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New Jersey Gov. Phil Murphy on Monday debuted to residents his plan for how the Garden State can begin to reopen after the country’s second-worst outbreak of COVID-19 infections put an unprecedented strain on the state’s government and crippled parts of its health care system.
Murphy said officials would move as quickly as possible to return life to normal in New Jersey — but only as long as they believed it was safe for residents.
“I want, by the way, nothing more than to see every Main Street up and down the state filled with shoppers and diners once again. I want our construction sites roaring with activities once again. I want to see the shore humming throughout the summer,” Murphy said.
“We will move as quickly as we can, but as safely as we must,” he said.
Murphy did not give a specific date for when the state would begin reopening but said it was probably “weeks … not months.” He said he was thinking of New Jersey’s reopening on a statewide basis but had not ruled out a regional approach.
He added that New Jersey’s stay-at-home order, which took effect on March 21, would remain in place until the state achieved a major reduction in new coronavirus infections. Other social distancing measures like requiring face coverings and work-from-home directives would likely remain in place for some time as well, Murphy said.
He announced the New Jersey-specific plan even as he touted the state’s role in a group of seven northeastern states — including New York and Pennsylvania — which have banded together to coordinate their recovery efforts. “We want to be largely in harmony, but we will never necessarily take every step exactly the same way at the same time,” Murphy said.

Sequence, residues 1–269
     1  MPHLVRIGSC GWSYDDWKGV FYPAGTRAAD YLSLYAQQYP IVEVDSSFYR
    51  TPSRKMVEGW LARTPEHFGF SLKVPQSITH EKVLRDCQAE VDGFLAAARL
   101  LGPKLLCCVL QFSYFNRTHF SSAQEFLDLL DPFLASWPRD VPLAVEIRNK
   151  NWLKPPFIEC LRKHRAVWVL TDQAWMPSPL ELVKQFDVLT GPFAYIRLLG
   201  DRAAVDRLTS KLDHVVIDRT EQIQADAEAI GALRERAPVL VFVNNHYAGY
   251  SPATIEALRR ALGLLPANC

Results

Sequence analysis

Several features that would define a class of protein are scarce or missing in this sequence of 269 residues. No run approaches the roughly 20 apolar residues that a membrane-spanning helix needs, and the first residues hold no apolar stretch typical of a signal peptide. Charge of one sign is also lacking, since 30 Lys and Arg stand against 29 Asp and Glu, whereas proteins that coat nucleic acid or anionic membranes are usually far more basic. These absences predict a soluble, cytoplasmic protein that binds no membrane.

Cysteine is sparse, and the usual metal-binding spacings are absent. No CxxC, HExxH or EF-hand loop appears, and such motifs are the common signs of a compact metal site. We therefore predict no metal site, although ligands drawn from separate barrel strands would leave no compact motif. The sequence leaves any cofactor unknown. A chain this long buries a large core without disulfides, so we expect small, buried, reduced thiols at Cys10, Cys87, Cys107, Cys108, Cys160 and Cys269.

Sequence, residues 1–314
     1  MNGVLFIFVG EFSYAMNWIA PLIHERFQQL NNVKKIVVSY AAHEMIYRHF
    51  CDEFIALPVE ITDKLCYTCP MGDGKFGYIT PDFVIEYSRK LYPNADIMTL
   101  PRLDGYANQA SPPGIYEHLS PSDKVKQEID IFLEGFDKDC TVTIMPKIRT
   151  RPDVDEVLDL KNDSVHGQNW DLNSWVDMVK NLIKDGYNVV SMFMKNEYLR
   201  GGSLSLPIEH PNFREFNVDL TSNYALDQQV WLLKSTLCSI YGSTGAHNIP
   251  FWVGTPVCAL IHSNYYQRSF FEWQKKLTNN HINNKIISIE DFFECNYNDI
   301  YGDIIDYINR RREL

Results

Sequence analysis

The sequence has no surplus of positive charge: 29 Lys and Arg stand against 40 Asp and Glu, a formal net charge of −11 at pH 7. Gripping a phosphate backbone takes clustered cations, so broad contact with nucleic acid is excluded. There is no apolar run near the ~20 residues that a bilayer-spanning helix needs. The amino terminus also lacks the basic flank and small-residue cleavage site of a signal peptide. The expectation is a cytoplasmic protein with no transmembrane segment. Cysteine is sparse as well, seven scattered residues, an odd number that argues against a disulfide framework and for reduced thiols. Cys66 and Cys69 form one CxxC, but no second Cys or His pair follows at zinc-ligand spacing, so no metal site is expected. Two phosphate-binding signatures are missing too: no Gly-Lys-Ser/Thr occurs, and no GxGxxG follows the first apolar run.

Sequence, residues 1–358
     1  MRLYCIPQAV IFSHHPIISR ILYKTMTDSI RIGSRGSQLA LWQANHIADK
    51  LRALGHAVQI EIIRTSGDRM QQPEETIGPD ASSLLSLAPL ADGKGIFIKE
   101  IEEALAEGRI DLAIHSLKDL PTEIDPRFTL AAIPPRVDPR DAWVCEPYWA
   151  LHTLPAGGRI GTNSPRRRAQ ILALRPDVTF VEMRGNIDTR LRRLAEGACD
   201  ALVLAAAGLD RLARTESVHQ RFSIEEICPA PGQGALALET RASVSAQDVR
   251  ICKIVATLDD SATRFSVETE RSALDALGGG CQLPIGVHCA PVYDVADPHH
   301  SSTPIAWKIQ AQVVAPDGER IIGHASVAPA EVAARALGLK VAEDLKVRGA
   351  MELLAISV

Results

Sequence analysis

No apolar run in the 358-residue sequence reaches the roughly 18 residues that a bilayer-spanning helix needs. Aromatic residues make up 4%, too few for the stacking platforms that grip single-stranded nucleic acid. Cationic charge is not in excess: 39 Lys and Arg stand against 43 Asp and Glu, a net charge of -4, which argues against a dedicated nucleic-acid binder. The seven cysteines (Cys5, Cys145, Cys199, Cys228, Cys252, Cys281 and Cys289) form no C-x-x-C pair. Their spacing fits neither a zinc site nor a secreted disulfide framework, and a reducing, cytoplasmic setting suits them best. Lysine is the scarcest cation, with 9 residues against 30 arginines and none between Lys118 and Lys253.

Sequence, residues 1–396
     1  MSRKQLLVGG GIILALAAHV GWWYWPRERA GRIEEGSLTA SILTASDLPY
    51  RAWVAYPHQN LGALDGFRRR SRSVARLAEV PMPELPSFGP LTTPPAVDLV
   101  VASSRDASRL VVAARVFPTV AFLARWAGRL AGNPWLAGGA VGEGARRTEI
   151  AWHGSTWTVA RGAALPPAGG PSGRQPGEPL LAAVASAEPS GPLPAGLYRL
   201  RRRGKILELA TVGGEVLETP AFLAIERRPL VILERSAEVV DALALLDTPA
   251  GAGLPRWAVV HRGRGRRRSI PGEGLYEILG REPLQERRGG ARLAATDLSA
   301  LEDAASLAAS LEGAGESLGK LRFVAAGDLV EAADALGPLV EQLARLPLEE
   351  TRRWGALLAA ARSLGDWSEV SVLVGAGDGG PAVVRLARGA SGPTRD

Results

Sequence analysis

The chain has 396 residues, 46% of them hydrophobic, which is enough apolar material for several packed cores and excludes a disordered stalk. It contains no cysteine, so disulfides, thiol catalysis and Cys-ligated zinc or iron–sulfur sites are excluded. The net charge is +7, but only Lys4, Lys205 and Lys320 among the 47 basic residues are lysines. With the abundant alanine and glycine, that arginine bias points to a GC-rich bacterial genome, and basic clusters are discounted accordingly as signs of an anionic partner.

The governor’s six-point recovery plan included steps officials would have to take to slow the spread of COVID-19, minimize any new outbreaks of the disease, and reboot the economy safely in lieu of a vaccine or proven therapeutic drug.
The first part of New Jersey’s plan is a sustained reduction in new COVID-19 cases, which Murphy said officials will have to see before they are comfortable returning to pre-pandemic life.
Next, the state will have to dramatically ramp up its testing capabilities and set up a massive and unprecedented contact tracing operation.
Murphy said the state is already working to double its testing capacity by the end of May and make tests available to any residents who need them, which could be at pharmacies or even take-home kits. He also said the state would have to “recruit and deploy an army” of as many as 7,000 contact tracers to identify new infections and track who those people had recently been in contact with.
The state would also ensure there are safe places for people diagnosed with COVID-19 to isolate, such as hotels emptied out for that purpose.
Only once public health was under control, Murphy said, would the state begin to restart its sputtering economy.
“Public health creates economic health. That is what will guide us. That’s the order in which we must proceed,” he said.
Murphy said he was forming a Governor’s Restart and Recovery Commission of “economists, business leaders, labor leaders, and health care experts” to determine how and which businesses could come back online. He said he would announce the members of the commission on Tuesday.
The governor did not say which businesses would be able to reopen first and with what precautions, but he noted that essential businesses in low-risk categories would have priority. “I love going to concerts. Concerts are not going to be anytime soon, as an example,” Murphy said.
The last part of Murphy’s plan calls for the state to anticipate future surges of COVID-19 or any other yet-unknown diseases. He said the state will “fortify” its health care system, build its own stockpile of personal protective equipment and ventilators, and create a “playbook” that subsequent administrations could use in a future pandemic.
“I don’t know when we’ll be able to formally and finally start this journey. Hopefully, if we keep at it, it will be soon,” Murphy said. “This is a plan for how we move forward — not if we move forward.”